Joe Mescher
    http://www.SocialMediaCommando.com

  • …And on the other end of the Battlefield:

    According to BuzzMachine, The Cleveland Plain Dealer's Connie Schultz (wife of US Senator Sherrod Brown) is calling on newspapers to ask Congress for a change in copyright law.

    The thrust of the argument is that bloggers who link to news articles (not outright thiefs mind you, but considerate linkers) are breaking the papers copyright to their content.

    Nevermind the fact that linking to these stories drives impressions, which result in incremental revenue for the very papers shunning the providers.

    “Let them eat cake” is what it sounds like Connie is saying.

    Joe Mescher
    http://www.SocialMediaCommando.com

  • JoeMescher

    …And on the other end of the Battlefield:

    According to BuzzMachine, The Cleveland Plain Dealer's Connie Schultz (wife of US Senator Sherrod Brown) is calling on newspapers to ask Congress for a change in copyright law.

    The thrust of the argument is that bloggers who link to news articles (not outright thiefs mind you, but considerate linkers) are breaking the papers copyright to their content.

    Nevermind the fact that linking to these stories drives impressions, which result in incremental revenue for the very papers shunning the providers.

    “Let them eat cake” is what it sounds like Connie is saying.

    Joe Mescher
    http://www.SocialMediaCommando.com

  • JoeMescher

    …And on the other end of the Battlefield:

    According to BuzzMachine, The Cleveland Plain Dealer's Connie Schultz (wife of US Senator Sherrod Brown) is calling on newspapers to ask Congress for a change in copyright law.

    The thrust of the argument is that bloggers who link to news articles (not outright thiefs mind you, but considerate linkers) are breaking the papers copyright to their content.

    Nevermind the fact that linking to these stories drives impressions, which result in incremental revenue for the very papers shunning the providers.

    “Let them eat cake” is what it sounds like Connie is saying.

    Joe Mescher
    http://www.SocialMediaCommando.com

  • JoeMescher

    …And on the other end of the Battlefield:

    According to BuzzMachine, The Cleveland Plain Dealer's Connie Schultz (wife of US Senator Sherrod Brown) is calling on newspapers to ask Congress for a change in copyright law.

    The thrust of the argument is that bloggers who link to news articles (not outright thiefs mind you, but considerate linkers) are breaking the papers copyright to their content.

    Nevermind the fact that linking to these stories drives impressions, which result in incremental revenue for the very papers shunning the providers.

    “Let them eat cake” is what it sounds like Connie is saying.

    Joe Mescher
    http://www.SocialMediaCommando.com

  • JoeMescher

    …And on the other end of the Battlefield:

    According to BuzzMachine, The Cleveland Plain Dealer's Connie Schultz (wife of US Senator Sherrod Brown) is calling on newspapers to ask Congress for a change in copyright law.

    The thrust of the argument is that bloggers who link to news articles (not outright thiefs mind you, but considerate linkers) are breaking the papers copyright to their content.

    Nevermind the fact that linking to these stories drives impressions, which result in incremental revenue for the very papers shunning the providers.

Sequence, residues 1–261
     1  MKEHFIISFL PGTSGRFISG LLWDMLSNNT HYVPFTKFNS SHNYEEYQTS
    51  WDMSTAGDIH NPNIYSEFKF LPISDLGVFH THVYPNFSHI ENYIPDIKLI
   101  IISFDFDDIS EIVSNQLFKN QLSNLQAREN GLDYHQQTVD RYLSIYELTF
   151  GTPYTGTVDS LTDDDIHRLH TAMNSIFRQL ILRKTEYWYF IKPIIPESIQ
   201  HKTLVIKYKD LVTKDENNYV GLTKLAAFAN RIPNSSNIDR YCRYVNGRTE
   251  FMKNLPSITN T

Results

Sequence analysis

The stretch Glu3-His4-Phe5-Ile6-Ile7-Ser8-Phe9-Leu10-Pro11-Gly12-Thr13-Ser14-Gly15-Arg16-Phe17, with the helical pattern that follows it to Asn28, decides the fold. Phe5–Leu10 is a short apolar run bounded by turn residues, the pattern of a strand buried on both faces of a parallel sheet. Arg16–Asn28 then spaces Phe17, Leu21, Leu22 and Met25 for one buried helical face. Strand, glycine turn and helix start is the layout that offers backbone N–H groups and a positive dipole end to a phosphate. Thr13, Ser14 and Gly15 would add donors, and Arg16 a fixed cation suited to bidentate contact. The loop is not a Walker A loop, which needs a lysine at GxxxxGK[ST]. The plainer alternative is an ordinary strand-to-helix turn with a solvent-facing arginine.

“Let them eat cake” is what it sounds like Connie is saying.

    Joe Mescher
    http://www.SocialMediaCommando.com

    • Oh, dear Lord. Thanks for sharing. If you see her in person, smack her for me.

  • Great post, Jason. :) Agreed.

    When you were writing this, were you thinking at all about the Blog World Expo panel proposal that we're on with Nathan Wright and Julia Thompson that will (partly) discuss this very subject? Hope it's accepted, it'll be fun!

    Patrick

  • Great post, Jason. :) Agreed.

    When you were writing this, were you thinking at all about the Blog World Expo panel proposal that we're on with Nathan Wright and Julia Thompson that will (partly) discuss this very subject? Hope it's accepted, it'll be fun!

    Patrick

  • Great post, Jason. :) Agreed.

    When you were writing this, were you thinking at all about the Blog World Expo panel proposal that we're on with Nathan Wright and Julia Thompson that will (partly) discuss this very subject? Hope it's accepted, it'll be fun!

    Patrick

  • Great post, Jason. :) Agreed.

    When you were writing this, were you thinking at all about the Blog World Expo panel proposal that we're on with Nathan Wright and Julia Thompson that will (partly) discuss this very subject? Hope it's accepted, it'll be fun!

    Patrick

  • Great post, Jason. :) Agreed.

    When you were writing this, were you thinking at all about the Blog World Expo panel proposal that we're on with Nathan Wright and Julia Thompson that will (partly) discuss this very subject? Hope it's accepted, it'll be fun!

    Patrick

  • Great post, Jason. :) Agreed.

    When you were writing this, were you thinking at all about the Blog World Expo panel proposal that we're on with Nathan Wright and Julia Thompson that will (partly) discuss this very subject? Hope it's accepted, it'll be fun!

    Patrick

    • Not specifically, but I'll certainly re-read this in preparation. Heh.

  • Perfect Post again. Thank you Jason.

  • Perfect Post again. Thank you Jason.

  • Perfect Post again. Thank you Jason.

  • Perfect Post again. Thank you Jason.

  • Perfect Post again. Thank you Jason.

  • Perfect Post again. Thank you Jason.